Though it requires a little more diligence, the UberLite is exceptionally light, very comfortable, and ridiculously small when packed. If shaving ounces is your number one priority, the UberLite is the way to go.

Full review: Therm-a-Rest NeoAir UberLite

What We Like

  • Extremely lightweight and compact -The UberLite is the lightest and most compact full-size air pad on the market, and that’s a very big deal in our book. In fact, no other pad even comes close to the size and weight of the UberLite. Having a super minimal pad is awesome when we’re trekking over mountain passes, and we still get all the luxurious comforts of a cushy air pad when we get to camp. Also, no longer do we have to deal with small torso-length pads. We can easily justify the full-length UberLite, and even the wide/long model is ultralight.
  • Supportive and comfortable – The layered, triangular baffles of the UberLite make it feel very stable and supportive without any bulges or cold spots. Also, you can easily control the firmness of the pad with a quick twist of its valve.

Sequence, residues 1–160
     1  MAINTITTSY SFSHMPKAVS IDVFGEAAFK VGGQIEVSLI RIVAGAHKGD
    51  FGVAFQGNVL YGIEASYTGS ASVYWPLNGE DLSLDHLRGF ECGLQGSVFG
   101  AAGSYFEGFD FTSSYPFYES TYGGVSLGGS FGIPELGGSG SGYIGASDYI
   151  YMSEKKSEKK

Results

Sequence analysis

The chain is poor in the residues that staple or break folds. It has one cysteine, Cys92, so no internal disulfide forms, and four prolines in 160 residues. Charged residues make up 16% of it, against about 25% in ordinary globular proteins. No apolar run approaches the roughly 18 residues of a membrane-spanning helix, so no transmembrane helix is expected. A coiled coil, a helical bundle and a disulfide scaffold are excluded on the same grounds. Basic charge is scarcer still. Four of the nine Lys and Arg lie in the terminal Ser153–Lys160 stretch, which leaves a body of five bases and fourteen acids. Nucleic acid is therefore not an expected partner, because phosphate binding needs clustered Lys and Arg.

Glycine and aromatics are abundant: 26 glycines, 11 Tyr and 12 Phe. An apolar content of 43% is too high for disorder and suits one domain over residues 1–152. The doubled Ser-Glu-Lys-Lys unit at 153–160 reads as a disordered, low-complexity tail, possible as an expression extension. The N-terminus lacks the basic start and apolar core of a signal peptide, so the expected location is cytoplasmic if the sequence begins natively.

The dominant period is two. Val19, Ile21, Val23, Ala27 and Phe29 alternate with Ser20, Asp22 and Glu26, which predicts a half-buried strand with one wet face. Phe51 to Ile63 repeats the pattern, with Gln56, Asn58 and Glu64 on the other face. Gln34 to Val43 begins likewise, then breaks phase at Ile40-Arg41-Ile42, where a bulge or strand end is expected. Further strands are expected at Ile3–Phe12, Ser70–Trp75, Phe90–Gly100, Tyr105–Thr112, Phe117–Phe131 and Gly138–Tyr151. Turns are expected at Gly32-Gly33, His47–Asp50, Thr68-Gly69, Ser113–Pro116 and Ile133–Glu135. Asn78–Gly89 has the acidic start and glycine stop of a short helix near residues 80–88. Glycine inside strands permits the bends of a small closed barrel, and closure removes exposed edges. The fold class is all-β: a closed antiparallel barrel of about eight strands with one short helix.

• Quietest NeoAir model – A key benefit of eliminating the heat-reflective layer from this pad is that it’s significantly quieter than other NeoAir models. Light sleepers have been bothered in the past by the crinkly, crunchy sound of the XLite model in particular. We’ve tested dozens of sleeping pads, and they all make some noise. There’s really no getting around it. But the UberLite is much quieter than most pads, which makes it easy to get sound backcountry sleep in peace.
  • Trusted brand with great warranty – Therm-a-Rest is a trustworthy company that stands behind the products they make. We’ve had the pleasure of touring their facilities in person, and it’s honestly a pretty impressive setup. Whenever we’ve had issues with Therm-a-Rest products (very rarely), they’ve been gracious and accommodating, offering to repair or replace damaged or faulty products. Read more about their warranty program and you’ll feel just as confident buying from them as we do.

What We Don’t Like

  • Expensive – This pad is definitely expensive, but for the extra bucks, we think it’s well worth it if you plan to put the UberLite to good use. For a top-of-the-line ultralight backpacking pad that’s as comfy and quiet as the UberLite, the premium price seems worth it to us. The UberLite is our go-to summer backpacking pad and likely will be for years to come.